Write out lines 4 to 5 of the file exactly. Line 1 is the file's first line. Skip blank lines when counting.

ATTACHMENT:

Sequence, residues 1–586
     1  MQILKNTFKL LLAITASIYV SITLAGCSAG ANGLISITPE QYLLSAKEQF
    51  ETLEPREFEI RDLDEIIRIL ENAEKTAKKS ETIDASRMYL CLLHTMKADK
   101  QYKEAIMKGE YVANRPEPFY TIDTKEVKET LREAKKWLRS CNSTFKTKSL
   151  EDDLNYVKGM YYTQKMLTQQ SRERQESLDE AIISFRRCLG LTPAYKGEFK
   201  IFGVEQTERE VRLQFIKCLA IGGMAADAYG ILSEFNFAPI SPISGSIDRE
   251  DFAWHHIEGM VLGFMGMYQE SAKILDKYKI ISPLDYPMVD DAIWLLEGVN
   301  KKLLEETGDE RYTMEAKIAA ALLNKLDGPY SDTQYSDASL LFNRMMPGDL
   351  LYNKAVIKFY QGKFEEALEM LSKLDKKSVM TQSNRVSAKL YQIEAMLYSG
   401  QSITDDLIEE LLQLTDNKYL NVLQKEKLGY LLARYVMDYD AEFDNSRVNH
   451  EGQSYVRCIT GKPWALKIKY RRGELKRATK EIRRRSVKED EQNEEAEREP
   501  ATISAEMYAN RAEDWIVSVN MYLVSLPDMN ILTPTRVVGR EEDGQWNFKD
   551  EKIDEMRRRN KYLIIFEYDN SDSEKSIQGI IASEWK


   101  QYKEAIMKGE YVANRPEPFY TIDTKEVKET LREAKKWLRS CNSTFKTKSL
   151  EDDLNYVKGM YYTQKMLTQQ SRERQESLDE AIISFRRCLG LTPAYKGEFK